The pulse within the balloon 20 drives the flexible lining 32 of the pellet containing perforations 28 outward propelling the pellets 38 toward the narrowed arterial tissue 39. The pellets 38 adhere to and embed within the artery tissue 39 and drugs begin to elute from them. The balloon 20 is deflated.
The catheter 10 is then positioned so that the balloon 20 is located in the narrowed arterial region. The balloon 20 is inflated again to a pressure of 5 atmospheres or more to dilate the narrow region and to promote adhesion between the pellets and arterial tissue 39. After two minutes or so, and multiple inflations of the balloon, or other appropriate time determined by the physician, the balloon 20 is deflated and the pellet implanting balloon catheter is retracted into the guide catheter which is then removed from the patient.
It should be understood that various changes and modifications to the presently preferred embodiments described herein will be apparent to those skilled in the art. Such changes and modifications can be made without departing from the spirit and scope of the present invention and without diminishing its attendant advantages. It is therefore intended that such changes and modifications be covered by the appended claims.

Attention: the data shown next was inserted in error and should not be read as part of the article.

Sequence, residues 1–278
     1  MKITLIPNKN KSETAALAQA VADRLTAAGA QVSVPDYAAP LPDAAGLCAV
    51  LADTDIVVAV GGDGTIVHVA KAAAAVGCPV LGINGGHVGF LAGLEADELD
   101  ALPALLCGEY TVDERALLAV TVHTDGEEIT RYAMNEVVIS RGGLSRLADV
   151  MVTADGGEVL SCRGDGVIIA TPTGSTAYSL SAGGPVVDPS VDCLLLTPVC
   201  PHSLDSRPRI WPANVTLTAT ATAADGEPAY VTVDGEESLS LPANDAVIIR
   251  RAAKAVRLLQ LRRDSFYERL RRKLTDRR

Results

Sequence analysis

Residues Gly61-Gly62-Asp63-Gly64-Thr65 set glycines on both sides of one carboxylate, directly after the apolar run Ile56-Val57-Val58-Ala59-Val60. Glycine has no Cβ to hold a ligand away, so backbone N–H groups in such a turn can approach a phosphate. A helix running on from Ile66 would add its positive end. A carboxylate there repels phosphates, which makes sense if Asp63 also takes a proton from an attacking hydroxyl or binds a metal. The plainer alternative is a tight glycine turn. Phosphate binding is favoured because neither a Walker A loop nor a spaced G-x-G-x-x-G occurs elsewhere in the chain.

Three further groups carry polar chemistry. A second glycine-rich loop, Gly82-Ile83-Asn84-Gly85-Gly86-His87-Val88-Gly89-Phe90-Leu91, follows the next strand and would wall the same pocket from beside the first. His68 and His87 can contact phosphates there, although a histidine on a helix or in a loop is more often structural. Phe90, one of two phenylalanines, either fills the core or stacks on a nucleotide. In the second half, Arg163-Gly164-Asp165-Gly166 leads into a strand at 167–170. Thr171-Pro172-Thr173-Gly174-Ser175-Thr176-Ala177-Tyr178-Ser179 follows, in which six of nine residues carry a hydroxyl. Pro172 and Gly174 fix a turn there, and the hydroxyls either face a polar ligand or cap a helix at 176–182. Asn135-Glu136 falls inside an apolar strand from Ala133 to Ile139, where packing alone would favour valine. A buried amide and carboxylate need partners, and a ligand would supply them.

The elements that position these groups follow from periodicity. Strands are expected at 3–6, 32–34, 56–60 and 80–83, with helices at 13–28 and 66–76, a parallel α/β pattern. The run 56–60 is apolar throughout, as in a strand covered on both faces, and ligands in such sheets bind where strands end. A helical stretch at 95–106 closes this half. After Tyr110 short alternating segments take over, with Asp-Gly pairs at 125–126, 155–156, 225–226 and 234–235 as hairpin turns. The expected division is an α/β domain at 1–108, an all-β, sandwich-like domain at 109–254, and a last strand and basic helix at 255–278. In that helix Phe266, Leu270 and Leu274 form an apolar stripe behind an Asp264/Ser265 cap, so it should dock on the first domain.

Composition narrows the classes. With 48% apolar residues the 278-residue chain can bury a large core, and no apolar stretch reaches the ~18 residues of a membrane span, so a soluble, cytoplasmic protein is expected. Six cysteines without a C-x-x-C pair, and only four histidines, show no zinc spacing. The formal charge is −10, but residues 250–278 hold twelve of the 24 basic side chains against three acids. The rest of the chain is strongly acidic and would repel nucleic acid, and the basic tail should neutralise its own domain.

|Cited Patent||Filing date||Publication date||Applicant||Title|
|US4423725 *||31 Mar 1982||3 Jan 1984||Baran Ostap E||Multiple surgical cuff|
|US4693243 *||26 Mar 1986||15 Sep 1987||Buras Sharon Y||Conduit system for directly administering topical anaesthesia to blocked laryngeal-tracheal areas|
|US4994033 *||25 May 1989||19 Feb 1991||Schneider (Usa) Inc.||Intravascular drug delivery dilatation catheter|
|WO1989012478A1 *||21 Jun 1989||28 Dec 1989||Hansjoerg Just||Dilatation catheter|
|Citing Patent||Filing date||Publication date||Applicant||Title|
|US5257974 *||19 Aug 1992||2 Nov 1993||Scimed Life Systems, Inc.||Performance enhancement adaptor for intravascular balloon catheter|
|US5304195 *||21 Jan 1993||19 Apr 1994||Target Therapeutics, Inc.||Detachable pusher-vasoocclusive coil assembly with interlocking coupling|
|US5338300 *||28 Jul 1993||16 Aug 1994||Scimed Life Systems, Inc.||Performance enhancement adaptor for intravascular balloon catheter|
|US5397307 *||7 Dec 1993||14 Mar 1995||Schneider (Usa) Inc.||Drug delivery PTCA catheter and method for drug delivery|